Despite being another one of these groups with an awkwardly-stumbles-off-the-tongue band name (note to prospective musicians: keep it to five syllables), Canadian trio The Rural Alberta Advantage does a pretty bang-up job of blending folksy melancholia and urban synths—no simple task. The trio’s Saddle Creek debut, “Hometowns,” is a love letter to small-town Canadian living, one that lovingly focuses on the region’s foibles (mostly boiling down to “I’m freezing my ass off”) and historical tragedies (“Frank, AB” recalls the 1903 landslide that killed seventy people, which is bit of a downer). A particularly loud bass drum—not unlike The Dodos’ signature percussive sound—anchors every song, rumbling and pounding and effectively turning what ought to be labeled “folk” into undeniable rock. Lead singer Nils Edenloff’s nasally intones fall somewhere in between David Gray and Jeff Mangum (the first and last time those two musicians will ever be compared to one another), but he particularly works on the band’s raucous moments, when melodies seamlessly shift from wailing and boundless to tight and catchy. (Andy Seifert)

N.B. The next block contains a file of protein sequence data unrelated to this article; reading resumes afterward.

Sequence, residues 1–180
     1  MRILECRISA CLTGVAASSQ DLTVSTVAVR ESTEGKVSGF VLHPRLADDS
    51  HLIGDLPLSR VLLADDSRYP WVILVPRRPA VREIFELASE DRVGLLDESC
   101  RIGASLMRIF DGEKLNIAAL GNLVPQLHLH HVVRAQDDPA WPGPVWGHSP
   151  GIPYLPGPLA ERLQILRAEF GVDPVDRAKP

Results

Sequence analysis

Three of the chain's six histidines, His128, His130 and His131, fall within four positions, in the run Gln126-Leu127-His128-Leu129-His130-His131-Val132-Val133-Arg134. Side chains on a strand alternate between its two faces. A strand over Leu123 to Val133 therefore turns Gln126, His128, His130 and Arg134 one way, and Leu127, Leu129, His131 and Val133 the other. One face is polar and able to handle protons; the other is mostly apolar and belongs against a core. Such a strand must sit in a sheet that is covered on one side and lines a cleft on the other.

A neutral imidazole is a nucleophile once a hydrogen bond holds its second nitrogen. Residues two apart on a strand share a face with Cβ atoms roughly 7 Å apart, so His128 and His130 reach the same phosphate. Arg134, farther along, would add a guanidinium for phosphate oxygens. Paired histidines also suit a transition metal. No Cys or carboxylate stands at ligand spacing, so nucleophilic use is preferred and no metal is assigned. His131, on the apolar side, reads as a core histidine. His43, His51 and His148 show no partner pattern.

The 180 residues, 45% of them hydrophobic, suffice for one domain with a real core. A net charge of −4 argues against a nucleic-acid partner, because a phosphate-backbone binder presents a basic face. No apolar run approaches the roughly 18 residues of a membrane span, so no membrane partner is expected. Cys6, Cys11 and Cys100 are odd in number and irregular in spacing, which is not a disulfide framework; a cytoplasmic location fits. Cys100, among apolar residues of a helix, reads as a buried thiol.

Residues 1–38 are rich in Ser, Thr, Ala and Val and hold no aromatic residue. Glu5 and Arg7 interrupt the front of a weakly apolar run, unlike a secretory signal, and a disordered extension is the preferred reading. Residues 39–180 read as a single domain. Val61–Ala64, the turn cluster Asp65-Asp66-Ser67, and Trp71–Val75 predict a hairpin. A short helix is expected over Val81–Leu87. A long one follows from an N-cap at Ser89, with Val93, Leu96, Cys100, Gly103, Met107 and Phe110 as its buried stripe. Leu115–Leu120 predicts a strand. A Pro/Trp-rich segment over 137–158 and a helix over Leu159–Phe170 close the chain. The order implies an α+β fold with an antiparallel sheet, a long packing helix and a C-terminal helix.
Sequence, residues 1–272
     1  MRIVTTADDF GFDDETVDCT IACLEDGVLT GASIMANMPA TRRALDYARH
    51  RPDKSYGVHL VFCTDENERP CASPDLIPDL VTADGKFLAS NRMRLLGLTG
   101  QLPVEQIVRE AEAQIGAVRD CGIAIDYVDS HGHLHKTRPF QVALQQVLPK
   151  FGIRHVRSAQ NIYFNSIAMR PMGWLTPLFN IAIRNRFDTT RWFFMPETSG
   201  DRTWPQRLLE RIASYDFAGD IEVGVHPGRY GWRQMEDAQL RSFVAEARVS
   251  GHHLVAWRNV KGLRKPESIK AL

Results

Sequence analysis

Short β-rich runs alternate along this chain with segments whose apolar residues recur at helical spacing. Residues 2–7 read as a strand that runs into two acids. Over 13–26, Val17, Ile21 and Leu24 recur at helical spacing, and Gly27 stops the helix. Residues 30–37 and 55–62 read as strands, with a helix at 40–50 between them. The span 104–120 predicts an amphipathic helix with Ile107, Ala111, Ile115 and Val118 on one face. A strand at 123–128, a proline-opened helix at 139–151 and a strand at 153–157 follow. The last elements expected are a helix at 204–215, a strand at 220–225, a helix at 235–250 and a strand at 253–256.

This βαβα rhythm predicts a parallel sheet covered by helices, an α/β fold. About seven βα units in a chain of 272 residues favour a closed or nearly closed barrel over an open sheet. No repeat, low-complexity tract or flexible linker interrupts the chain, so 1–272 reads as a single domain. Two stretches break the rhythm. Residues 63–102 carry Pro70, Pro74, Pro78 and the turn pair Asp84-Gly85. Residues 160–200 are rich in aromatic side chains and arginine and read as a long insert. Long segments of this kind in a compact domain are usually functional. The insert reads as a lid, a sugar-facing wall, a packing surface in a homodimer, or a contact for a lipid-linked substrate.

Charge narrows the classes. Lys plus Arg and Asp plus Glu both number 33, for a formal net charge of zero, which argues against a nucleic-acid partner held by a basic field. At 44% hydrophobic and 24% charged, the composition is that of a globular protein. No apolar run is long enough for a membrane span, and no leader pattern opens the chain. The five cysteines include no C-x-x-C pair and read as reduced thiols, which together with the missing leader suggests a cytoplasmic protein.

September 26 at Schubas, 3159 N. Southport, (773)525-2508, at 10pm. $12.